Interns are phenomenal. They are excited, they are in school, they have plenty of supervisors above them that are taking care of them, and they tend to be at an affordable cost. There are many, many interns in Kansas City.

I think it’s also finding therapists who have sliding scales and just asking. You might call them on the phone and they might say, hey, this is my cost, and that might be out of range. Ask – do they have pro bono spots? Do they have scholarship spots and a sliding scale? And if they don’t, we will happily find someone who will be the right fit because finances can be such a barrier for people to seek support.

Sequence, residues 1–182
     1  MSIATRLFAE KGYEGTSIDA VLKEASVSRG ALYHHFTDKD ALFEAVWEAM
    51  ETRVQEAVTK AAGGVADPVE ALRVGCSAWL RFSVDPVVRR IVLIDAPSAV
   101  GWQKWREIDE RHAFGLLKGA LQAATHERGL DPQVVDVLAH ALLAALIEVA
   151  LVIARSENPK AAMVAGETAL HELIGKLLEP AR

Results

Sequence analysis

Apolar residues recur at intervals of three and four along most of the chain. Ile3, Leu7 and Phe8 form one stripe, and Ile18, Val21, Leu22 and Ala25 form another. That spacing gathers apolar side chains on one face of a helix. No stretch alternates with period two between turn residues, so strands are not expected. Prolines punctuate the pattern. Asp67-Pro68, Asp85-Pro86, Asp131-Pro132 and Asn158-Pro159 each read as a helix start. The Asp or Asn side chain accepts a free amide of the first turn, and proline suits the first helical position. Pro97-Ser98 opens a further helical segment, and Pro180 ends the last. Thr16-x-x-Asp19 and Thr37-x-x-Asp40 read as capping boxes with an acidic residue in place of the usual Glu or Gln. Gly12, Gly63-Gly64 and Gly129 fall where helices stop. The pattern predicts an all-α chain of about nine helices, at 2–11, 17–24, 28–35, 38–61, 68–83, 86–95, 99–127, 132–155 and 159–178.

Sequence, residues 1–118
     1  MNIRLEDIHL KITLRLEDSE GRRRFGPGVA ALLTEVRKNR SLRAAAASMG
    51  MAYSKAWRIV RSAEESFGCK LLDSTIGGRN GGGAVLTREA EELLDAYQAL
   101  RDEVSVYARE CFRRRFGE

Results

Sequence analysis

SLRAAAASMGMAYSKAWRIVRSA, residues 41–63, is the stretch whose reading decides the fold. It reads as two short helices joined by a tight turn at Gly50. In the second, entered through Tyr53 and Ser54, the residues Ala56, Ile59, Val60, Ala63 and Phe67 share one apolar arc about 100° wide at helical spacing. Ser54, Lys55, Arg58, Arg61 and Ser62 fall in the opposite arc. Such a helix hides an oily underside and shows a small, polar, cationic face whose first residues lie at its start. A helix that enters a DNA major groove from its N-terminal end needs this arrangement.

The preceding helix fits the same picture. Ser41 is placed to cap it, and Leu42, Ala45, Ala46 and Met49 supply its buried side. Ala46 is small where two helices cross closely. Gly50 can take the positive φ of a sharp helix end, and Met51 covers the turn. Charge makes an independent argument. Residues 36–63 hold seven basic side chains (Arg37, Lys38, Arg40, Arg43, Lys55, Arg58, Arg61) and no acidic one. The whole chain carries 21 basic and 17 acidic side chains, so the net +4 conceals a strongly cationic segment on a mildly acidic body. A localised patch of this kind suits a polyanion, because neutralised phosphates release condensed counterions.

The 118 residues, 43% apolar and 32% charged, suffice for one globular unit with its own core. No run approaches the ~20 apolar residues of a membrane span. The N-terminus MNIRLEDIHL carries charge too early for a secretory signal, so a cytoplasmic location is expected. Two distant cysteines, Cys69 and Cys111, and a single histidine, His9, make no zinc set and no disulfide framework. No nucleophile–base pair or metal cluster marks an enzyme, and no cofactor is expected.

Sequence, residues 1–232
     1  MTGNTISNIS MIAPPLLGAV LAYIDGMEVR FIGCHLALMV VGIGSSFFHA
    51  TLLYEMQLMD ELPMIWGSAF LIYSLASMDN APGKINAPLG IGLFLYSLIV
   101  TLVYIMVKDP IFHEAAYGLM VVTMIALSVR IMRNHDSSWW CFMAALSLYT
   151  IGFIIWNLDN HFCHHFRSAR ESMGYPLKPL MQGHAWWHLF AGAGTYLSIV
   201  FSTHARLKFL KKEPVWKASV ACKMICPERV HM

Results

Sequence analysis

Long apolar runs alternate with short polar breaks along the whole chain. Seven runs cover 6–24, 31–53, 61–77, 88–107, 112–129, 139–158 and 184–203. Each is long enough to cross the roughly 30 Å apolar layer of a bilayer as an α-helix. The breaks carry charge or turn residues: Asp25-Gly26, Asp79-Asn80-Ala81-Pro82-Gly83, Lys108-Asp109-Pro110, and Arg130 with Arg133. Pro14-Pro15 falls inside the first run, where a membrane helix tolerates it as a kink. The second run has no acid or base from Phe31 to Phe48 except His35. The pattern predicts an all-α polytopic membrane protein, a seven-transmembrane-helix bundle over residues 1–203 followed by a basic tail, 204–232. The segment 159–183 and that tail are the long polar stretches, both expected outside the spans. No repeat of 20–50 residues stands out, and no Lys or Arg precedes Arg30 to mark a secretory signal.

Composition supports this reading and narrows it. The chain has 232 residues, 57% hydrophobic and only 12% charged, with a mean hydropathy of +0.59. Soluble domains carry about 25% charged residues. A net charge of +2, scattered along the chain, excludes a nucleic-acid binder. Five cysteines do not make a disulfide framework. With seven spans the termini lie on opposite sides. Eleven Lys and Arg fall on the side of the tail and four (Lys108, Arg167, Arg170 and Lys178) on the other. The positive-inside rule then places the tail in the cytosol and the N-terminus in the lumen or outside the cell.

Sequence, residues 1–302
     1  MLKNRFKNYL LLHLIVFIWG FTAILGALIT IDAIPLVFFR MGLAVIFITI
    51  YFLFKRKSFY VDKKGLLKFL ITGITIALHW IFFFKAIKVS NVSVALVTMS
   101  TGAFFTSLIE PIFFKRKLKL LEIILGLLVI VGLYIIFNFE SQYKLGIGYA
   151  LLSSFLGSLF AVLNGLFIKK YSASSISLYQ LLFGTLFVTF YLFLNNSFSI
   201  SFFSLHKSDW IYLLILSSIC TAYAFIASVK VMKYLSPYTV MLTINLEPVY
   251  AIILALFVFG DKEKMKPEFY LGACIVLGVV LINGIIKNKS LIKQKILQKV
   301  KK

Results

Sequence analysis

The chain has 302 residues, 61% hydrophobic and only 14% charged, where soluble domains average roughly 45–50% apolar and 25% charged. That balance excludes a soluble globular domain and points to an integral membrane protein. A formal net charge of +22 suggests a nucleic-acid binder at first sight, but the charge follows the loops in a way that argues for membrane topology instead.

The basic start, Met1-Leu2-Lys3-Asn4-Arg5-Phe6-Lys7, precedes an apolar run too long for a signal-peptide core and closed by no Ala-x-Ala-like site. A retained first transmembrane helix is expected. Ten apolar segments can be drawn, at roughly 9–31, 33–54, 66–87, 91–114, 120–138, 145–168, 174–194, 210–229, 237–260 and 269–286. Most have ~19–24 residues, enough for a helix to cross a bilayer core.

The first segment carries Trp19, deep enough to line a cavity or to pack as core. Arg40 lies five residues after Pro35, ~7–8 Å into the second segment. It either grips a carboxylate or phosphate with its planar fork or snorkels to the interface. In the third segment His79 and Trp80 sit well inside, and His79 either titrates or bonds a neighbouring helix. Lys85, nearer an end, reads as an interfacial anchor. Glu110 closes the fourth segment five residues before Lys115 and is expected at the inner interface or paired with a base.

Question: Anything else?
Emily: Are you checking in with yourself and being honest with what you need? Do you have a community that you can ask and you can reach out to? Because you can go to therapy and you can do all of that work and we really want that to happen. But really, we want you to have a community that you can feel safe in.

Things are just hard right now, just all around, and so – do people feel like they can take a day off, can they take a break? And with that does come privilege, so we do get that, and that’s where then, do we delegate?

When people think burnout, oh, so I’m just supposed to take a sabbatical? No, but we might need to take a morning or we need to go grab a book and go to our favorite local coffee shop and read for a little bit and things like that.